Opening its silver screen with the Rajesh Khanna starrer Dushmun in 1971, the twin cinemas – Ganga and Jamuna – located at Tardeo tasted instant success with this film followed by Dev Anand’s highly successful Hare Rama Hare Krishna (1971).
The only twin theatres in Mumbai city, Ganga was a thousand seater while Jamuna was slightly smaller with eight hundred fifty seats. Both cinemas were class divided in to stalls and balcony and offered air conditioned comfort to its audience. The ticket prices were economical enough to offer a great value for money.
In the ’70s and ’80s, Ganga as well as Jamuna was the main theatre for many Amitabh Bachchan blockbusters like Don (1978), Ganga Ki Saugandh (1978), Suhaag (1979), Mr Natwarlal (1979), Dostana (1980), Ram Balram (1980), Kaalia (1981), Khud-daar (1982) and Nastik (1983). In fact, Don was released to packed house at Ganga cinema in May 1978 even as Ganga Ki Saugand was marching towards its silver jubilee (25 weeks run) at the next door Jamuna.
After the success of Hare Rama Hare Krishna, Ganga-Jamuna became preferred theatre for Dev Saahab who chose to premiere most of his ’80s and early ’90s films here – Swami Dada (1982), Hum Naujawan (1985), Awwal Number (1990) and Sau Crore (1991) to be precise.
Rajshri Productions also chose these twin cinemas to screen their small budget family oriented movies like Dulhan Wahi Jo Piya Man Bhaye (1977) and Ankhiyon Ke Jharokon Se (1978). Both the films attracted a significant women audience who came in large groups to catch the matinee shows. Dulhan Wahi Jo Piya Man Bhaaye ran for a record 75 weeks in Jamuna matinee.
Later, the theatre made stars out of debutants Sanjay Dutt and Jackie Shroff whose Rocky (1981) and Hero (1983) were released at Ganga. At Rocky’s premiere, a seat was kept vacant in between Sunil Dutt and Sanjay Dutt to mark presence of late Nargis who passed away three days before its release.
The twin cinemas underwent a management change as well as a facelift in late ’80s and re-opened in 1988 with the Govinda starrer Ghar Mein Ram Gali Mein Shyam. It screened many popular films of that era like Batwara (1989), Ilaaka (1989), Kroadh (1990) and Zahreelay (1990).
Around this time, Jamuna cinema even found itself in a scene in the Salman Khan starrer Love (1991) where he and his heroine Revathi go to watch the Bollywood classic Gumnaam (1965).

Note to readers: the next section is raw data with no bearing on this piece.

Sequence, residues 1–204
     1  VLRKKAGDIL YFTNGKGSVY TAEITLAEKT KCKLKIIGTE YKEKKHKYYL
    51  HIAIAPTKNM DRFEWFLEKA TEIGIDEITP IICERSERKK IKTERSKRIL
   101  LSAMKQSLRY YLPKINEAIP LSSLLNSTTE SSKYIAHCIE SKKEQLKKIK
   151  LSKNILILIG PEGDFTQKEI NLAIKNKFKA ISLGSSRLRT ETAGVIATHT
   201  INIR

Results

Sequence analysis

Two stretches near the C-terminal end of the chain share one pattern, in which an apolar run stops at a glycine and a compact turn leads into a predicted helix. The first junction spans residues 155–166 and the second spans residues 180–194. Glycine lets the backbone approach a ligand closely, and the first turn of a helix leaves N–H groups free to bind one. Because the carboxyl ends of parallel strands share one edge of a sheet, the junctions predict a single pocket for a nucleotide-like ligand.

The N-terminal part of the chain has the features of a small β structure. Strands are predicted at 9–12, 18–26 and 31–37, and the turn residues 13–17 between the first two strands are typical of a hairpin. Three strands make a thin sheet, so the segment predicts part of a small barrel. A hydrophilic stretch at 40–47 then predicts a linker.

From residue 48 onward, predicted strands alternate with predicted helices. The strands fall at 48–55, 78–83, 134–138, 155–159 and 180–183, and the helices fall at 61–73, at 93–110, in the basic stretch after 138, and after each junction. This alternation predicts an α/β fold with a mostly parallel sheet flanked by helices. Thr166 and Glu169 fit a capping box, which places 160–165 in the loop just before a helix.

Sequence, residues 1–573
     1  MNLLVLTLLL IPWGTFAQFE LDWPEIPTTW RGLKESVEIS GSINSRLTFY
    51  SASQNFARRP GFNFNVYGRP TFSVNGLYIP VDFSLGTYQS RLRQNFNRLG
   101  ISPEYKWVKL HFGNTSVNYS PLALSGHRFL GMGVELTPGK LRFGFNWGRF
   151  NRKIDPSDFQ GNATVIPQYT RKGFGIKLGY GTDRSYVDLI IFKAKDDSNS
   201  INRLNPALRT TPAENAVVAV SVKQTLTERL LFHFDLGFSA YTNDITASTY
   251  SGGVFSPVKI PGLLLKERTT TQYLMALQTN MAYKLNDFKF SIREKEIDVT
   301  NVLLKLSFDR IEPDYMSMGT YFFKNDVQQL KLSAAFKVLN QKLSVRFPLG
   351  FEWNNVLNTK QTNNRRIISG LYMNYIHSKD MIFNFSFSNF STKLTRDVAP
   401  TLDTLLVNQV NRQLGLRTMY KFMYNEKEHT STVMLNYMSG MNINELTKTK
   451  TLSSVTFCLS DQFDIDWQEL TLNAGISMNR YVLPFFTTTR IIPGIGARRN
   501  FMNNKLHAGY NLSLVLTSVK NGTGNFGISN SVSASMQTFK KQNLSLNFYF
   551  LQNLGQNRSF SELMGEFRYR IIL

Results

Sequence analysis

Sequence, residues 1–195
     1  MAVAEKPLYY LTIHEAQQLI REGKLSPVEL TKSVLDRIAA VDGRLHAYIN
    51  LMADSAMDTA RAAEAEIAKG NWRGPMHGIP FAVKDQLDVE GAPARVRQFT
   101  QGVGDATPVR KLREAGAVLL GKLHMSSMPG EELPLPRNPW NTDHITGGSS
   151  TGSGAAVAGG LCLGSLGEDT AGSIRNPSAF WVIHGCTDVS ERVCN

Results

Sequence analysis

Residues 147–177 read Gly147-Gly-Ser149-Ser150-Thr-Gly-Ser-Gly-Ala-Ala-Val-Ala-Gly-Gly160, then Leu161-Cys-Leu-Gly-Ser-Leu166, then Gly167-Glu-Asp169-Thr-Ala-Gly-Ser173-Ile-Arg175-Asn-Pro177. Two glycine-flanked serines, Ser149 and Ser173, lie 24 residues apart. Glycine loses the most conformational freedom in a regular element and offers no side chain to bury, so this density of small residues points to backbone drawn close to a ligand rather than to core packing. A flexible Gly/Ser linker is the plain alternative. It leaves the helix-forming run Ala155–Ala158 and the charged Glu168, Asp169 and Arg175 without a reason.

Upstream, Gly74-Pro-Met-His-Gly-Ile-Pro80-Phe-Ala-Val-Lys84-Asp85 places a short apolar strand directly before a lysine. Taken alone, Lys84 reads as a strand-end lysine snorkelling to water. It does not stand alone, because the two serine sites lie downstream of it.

From mid ’90s onwards, the twin theatres started slipping due to the video menace and increasing maintenance costs. Except for a stray Judge Mujrim (1997), it started screening B grade Hindi and soft porn Hollywood films only. In one of his recent interviews, owner Gul Acchra lamented about the advent of multiplexes which made it even more difficult for single screens like Ganga Jamuna to survive. While the multiplexes enjoyed tax exemptions in their initial years, the single screens crumbled further under the entertainment tax levy.
Ganga cinema downed shutters in 2001 followed by Jamuna a few years later in 2007. Around that time, it was reported that the twin theatres would be demolished and redeveloped into a sprawling four screen multiplex. The new commercial complex was supposed to be a gigantic eight storey structure with elaborate parking facility and other modern amenities. Unfortunately, the plan didn’t materialise and Ganga Jamuna were left to rot for the next eighteen years.
The theatres found itself in Brihanmumbai Municipal Corporation (BMC)’s list of dilapidated buildings and the authority ordered its demolition sometime in 2020. Finally, in August 2020 after the Corona induced lockdown, the demolition process started thus bringing an end to a glorious era of silver and golden jubilee blockbusters, something the new generation may never experience!!
P.S. Some of the popular films released at Ganga cinema : Dost (1974), Khote Sikkay (1974), Pratiggya (1975), Dharam Veer (1977), Inkaar (1977), Karz (1980), Katilon Ke Kaatil (1981) and Dharm Aur Qanoon (1984).
Some of the memorable releases at Jamuna: Kalicharan (1976), Chhailla Babu (1977), Mujhe Insaaf Chahiye (1983) and Baazi (1984).
All images courtesy Internet